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Author Topic: Do atypical antipsychotics really work?  (Read 2886 times)

Offline exothermic

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Re: Do atypical antipsychotics really work?
« Reply #25 on: 10/09/2016 13:06:03 »
Things like atypical antipsychotics generates oxidative stress and inflammation.

To what degree?
 

Offline tkadm30

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Re: Do atypical antipsychotics really work?
« Reply #26 on: 10/09/2016 13:17:04 »
Things like atypical antipsychotics generates oxidative stress and inflammation.

To what degree?

Atypical antipsychotics appears to increases metabolic inflammation and obesity. I gained 10lbs since I'm forced to take this treatment, three years ago.

Fortunately, aripiprazole doesn't seem to induce oxidative stress: http://www.ncbi.nlm.nih.gov/pubmed/18367441
 

Offline exothermic

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Re: Do atypical antipsychotics really work?
« Reply #27 on: 10/09/2016 13:27:16 »
Marijuana use is a anti-inflammatory and a anti-oxidant.

Indeed. Great stuff.
 

Offline tkadm30

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Re: Do atypical antipsychotics really work?
« Reply #28 on: 11/09/2016 19:28:13 »
My former psychiatrist is assuming the risk of cannabis-induced psychosis is too strong to withdraw from antipsychotics. Since my delusional thoughts includes seeing visible and persistent plume of aerosol dumped from military aircrafts in the stratosphere, I really doubt this "medication" is helpful for anything. At least smoking pot relieves me from the stress of having no power on this clandestine activity. However, I'm feeling lucky that Abilify doesn't cause major extrapyramidal symptoms, but I don't see how this drug could force me to agree in the official narrative, or deter me to research the clinical effects of chemtrails on human health. So far, my experience with Abilify is positive (the drug seem to promote neurogenesis), however, I can say that it's a waste of time and money for mind control purpose. Thus, cannabis is great stuff and the combination with Abilify appears a good one, but I will never quit smoking pot if the reason is to ignore science and believe in pseudo-scientific voodoo.
 

Offline the5thforce

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Re: Do atypical antipsychotics really work?
« Reply #29 on: 29/09/2016 00:00:45 »
It's very simple, all anti psychotics work to make a person tired because they're all tranquilizers, if that helps the person then yes anti-psychotics can treat symptoms caused by pathological alertness/wakefulness, they cannot cure hallucinations and they cannot change thoughts or opinions which are the root cause of dissonance, effective counselling is likely the best approach in all but the most hysterical individuals, problem is theres very few effective counselors and pharmaceuticals = big money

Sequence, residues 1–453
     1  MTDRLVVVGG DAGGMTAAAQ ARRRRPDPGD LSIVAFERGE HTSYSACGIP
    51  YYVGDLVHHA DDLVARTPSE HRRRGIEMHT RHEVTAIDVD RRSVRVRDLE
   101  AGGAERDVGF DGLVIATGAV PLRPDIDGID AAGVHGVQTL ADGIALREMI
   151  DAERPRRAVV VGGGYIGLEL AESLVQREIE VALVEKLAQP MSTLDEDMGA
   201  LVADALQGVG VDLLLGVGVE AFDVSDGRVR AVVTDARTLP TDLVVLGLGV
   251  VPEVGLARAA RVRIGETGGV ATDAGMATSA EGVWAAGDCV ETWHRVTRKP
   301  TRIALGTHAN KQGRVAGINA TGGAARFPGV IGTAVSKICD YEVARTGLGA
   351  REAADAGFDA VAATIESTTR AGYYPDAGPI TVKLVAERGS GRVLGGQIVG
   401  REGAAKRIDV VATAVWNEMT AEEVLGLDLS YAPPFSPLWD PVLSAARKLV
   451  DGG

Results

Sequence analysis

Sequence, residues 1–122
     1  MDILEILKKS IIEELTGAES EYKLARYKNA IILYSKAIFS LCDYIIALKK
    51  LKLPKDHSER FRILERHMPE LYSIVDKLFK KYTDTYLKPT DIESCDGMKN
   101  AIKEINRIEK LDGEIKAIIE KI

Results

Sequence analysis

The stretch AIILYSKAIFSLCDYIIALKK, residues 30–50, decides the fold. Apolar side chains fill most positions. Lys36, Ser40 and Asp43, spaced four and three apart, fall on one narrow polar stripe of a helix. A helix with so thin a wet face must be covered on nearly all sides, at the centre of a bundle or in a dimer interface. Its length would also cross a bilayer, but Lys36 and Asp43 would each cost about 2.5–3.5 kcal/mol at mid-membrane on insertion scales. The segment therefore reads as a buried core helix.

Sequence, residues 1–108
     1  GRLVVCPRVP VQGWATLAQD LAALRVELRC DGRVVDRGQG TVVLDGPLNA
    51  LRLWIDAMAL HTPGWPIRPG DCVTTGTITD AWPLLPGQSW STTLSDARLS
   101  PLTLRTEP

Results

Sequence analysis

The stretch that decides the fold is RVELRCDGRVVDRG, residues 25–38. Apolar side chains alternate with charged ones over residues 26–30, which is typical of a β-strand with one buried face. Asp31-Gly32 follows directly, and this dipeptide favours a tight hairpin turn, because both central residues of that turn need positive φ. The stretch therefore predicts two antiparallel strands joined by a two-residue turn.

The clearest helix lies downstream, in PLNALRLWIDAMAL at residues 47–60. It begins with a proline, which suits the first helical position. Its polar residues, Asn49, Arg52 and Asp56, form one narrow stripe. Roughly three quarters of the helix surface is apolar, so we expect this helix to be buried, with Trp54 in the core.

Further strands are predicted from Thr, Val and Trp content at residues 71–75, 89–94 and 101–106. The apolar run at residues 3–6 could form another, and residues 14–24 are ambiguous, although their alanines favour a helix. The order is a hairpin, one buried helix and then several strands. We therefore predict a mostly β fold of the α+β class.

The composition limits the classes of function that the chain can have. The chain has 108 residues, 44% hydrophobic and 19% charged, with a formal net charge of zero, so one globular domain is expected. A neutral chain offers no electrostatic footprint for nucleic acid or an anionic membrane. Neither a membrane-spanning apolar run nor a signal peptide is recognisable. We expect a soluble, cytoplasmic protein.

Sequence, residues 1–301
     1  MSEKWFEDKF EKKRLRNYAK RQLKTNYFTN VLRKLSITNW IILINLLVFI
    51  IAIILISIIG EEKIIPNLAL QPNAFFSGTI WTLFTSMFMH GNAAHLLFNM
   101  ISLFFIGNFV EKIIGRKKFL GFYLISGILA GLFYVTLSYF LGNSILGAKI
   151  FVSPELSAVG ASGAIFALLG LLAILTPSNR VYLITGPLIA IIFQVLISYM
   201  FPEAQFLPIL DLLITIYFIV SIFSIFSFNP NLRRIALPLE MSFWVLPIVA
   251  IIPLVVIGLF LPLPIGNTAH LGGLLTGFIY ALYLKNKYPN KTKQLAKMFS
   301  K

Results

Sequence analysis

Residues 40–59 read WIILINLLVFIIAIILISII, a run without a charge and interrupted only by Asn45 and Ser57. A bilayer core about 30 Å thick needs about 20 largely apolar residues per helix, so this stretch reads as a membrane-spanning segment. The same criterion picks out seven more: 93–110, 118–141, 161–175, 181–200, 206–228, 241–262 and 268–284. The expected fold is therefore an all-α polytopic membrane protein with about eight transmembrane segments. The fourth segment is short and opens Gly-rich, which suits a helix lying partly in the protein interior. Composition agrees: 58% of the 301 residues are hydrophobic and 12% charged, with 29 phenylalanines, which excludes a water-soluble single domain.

I'll also mention I've been diagnosed with nearly every major mental ailment known and i can confirm vocal hallucinations are very real and nearly impossible to distinguish from real voices, however, each time that ive gotten stuck in something like ocd, adhd, tourettes, pica, obesity, anorexia, sexual addiction, drug addiction, anxiety, depression, rage, manic euphoria, hallucinations, delusions, insomnia, I've gotten past it by researching the problem and practicing self discipline, I'm doing just fine so its very possible to adapt without the latest patented thousand dollar designer sleeping pill, but there's also times I do need a little help relaxing or falling asleep and while weed benzos alcohol and benadryl work better, anti psychotics can still get the job done

that being said i like to think the government is innocently/genuinely ignorant in their recklessness and if we're still breathing and riding the highs and lows in life were probably just as healthy as any other point in history. Ill also add that my current understanding of the vocal hallucinations is that my creator wanted me to gain something from their perspectives which i relentlessly take with a grain of salt, i believe we exist inside a simulation aka the matrix, and I'm linked up to the machine and being fed by the agents, but regardless of hallucinations everyone still makes their own decisions even if faced with the possibility of death.

If anyone reading this is struggling with vocal hallucinations the best thing you can do is not to fear them, avoid hostility, find common ground when necessary, be polite and eventually try to befriend them as much as possible without losing your sense of self or your morals
« Last Edit: 29/09/2016 01:23:24 by the5thforce »
 
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Re: Do atypical antipsychotics really work?
« Reply #29 on: 29/09/2016 00:00:45 »

 

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